A Companion to Cultural Memory Studies
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This companion represents the interdisciplinary and international field of ""cultural memory studies"" in one volume. Articles by renowned international scholars offer readers a unique overview of the key concepts of cultural memory studies. The book not only documents current research in an unprecedented way; it also serves as a forum for bringing together approaches from areas as varied as sociology, political sciences, history, theology, literary studies, media studies, philosophy, psychology, and neurosciences.""Cultural memory studies"" - as defined in this book - came into being at the beginning of the 20th century, with the works of Maurice Halbwachs on mèmoire collective. In the course of the last two decades this area of research has witnessed a veritable boom in various countries and disciplines. As a consequence, the study of the relation of ""culture"" and ""memory"" has diversified into a wide range of approaches. This companion is based on a broad understanding of ""cultural memory"" as the interplay of present and past in sociocultural contexts. It presents concepts for the study of individual remembering in a social context, group and family memory, national memory, the various media of memory, and finally the host of emerging transnational lieux de mèmoire such as 9/11. This book first appeared as a hardback volume in the De Gruyter series ""Media and Cultural Memory"" under the title ""Cultural Memory Studies: An International and Interdisciplinary Handbook"". With the present companion the original articles are reissued in an affordable paperback edition.
and Slavs in a regional community, held together by deeper links than the dynastic connections of the Habsburgs. In the 1920s, Trieste remained a hub for Austrian-Italian-Jewish-Slavic cultural contact. Under fascism, Italy tried to play a role in the foreground of Central Europe and the Balkans, but was unable to penetrate Nazi domination (see also Isnenghi, this volume). In the years following German unification, the dissolution of the Soviet system, and the emancipation of the nations of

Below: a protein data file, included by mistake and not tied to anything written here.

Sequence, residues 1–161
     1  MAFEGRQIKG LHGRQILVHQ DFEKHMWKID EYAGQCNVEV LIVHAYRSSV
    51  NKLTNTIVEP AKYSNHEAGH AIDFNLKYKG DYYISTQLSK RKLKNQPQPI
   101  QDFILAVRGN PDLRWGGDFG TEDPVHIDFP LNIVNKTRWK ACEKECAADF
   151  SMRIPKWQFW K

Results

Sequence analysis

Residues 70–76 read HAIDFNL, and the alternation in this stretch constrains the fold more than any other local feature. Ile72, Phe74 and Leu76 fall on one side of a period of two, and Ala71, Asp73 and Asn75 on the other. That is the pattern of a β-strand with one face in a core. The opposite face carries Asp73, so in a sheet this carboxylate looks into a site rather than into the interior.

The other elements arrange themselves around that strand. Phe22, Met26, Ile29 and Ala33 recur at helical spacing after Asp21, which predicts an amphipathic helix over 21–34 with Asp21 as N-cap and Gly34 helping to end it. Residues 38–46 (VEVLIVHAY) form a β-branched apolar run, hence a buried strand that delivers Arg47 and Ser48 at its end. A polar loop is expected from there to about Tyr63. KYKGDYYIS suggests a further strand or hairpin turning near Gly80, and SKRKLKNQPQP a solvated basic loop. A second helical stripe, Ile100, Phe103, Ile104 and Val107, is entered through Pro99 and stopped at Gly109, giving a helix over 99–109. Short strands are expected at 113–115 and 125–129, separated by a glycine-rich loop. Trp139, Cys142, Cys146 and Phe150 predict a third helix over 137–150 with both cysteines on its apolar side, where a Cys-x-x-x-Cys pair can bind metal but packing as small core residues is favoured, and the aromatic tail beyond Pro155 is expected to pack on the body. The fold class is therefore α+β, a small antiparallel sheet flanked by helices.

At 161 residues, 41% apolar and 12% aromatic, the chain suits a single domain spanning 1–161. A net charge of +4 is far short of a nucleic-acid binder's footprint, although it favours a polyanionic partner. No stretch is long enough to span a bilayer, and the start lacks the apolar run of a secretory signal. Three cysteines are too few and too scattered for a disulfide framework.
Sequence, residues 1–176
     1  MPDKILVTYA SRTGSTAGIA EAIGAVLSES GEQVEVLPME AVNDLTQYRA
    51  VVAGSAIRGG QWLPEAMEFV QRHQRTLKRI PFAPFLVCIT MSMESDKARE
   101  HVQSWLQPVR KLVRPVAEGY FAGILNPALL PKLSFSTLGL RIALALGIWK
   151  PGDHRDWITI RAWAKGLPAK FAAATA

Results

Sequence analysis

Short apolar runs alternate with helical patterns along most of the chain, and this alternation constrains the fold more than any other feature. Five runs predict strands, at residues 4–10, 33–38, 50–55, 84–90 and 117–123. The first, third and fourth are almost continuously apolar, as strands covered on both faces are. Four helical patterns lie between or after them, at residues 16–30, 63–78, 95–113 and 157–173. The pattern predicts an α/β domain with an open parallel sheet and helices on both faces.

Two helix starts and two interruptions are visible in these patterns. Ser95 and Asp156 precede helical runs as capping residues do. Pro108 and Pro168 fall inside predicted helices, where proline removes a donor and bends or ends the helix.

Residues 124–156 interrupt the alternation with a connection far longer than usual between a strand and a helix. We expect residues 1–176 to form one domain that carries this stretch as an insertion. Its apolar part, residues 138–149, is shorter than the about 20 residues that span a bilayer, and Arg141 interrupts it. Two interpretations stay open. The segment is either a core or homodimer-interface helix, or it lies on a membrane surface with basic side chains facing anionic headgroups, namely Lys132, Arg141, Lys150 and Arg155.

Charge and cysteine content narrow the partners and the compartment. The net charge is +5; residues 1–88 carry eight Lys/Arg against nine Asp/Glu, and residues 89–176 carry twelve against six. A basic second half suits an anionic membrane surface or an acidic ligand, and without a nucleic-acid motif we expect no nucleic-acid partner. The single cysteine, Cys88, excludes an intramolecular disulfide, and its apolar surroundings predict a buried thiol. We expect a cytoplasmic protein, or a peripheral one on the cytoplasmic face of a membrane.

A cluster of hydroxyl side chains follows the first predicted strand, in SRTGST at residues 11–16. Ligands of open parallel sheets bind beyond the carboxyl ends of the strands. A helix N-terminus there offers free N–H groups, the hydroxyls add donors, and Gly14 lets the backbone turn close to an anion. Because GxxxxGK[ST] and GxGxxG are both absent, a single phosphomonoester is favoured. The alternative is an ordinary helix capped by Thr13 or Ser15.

or nothingness replaced classical, religious, or romantic notions in commemorative art. This shift was noticeable in Holocaust remembrance. Holocaust sites of memory—concentration and extermination camps, in particular, but also places where Jews had lived before the Shoah—could not be treated in the same way as sites commemorating the dead of the two world wars (see Young, this volume). The first difficulty was the need to avoid Christian notation to represent a Jewish catastrophe. The second
(J. Assmann, Ma’at 11). 3. Limits of the Concept The idea of interconnecting “culture” and “memory” is not particularly new. In 1910, Arnold van Gennep pointed to the tenacious longevity of the “mémoire des faits d’ordre culturel” (164), which can allow technical knowhow and religious traditions, but also rules and regulations of social and political organizations, to outlast historical “expiration dates.” Nor may one forget Maurice Halbwachs, important for the early history of the concept even
strategic goal in order to preserve and respect local and national identities while co-operating in the making of a communal European educational system. Inevitably, such a goal implied also developing a new series of trans-national research projects fostering memory studies across disciplines. Therefore, the intention was to bring together scholars and experts from various European countries, as well as from the associated countries, in order to encourage a deeper understanding of the very idea
Grabes. Tübingen: Narr, 2005. 265-98. François, Etienne, and Hagen Schulze, eds. Deutsche Erinnerungsorte. 3 vols. Munich: Beck, 2001. Gedi, Noa, and Yigal Elam. “Collective Memory: What Is It?” History and Memory 8.1 (1996): 30-50. Geertz, Clifford. The Interpretation of Cultures: Selected Essays. London: Hutchinson, 1973. Gombrich, Ernst H. Aby Warburg: An Intellectual Biography. London: Warburg Institute, 1970. Halbwachs, Maurice. Les cadres sociaux de la mémoire. Paris: Alcan, 1925. ––. On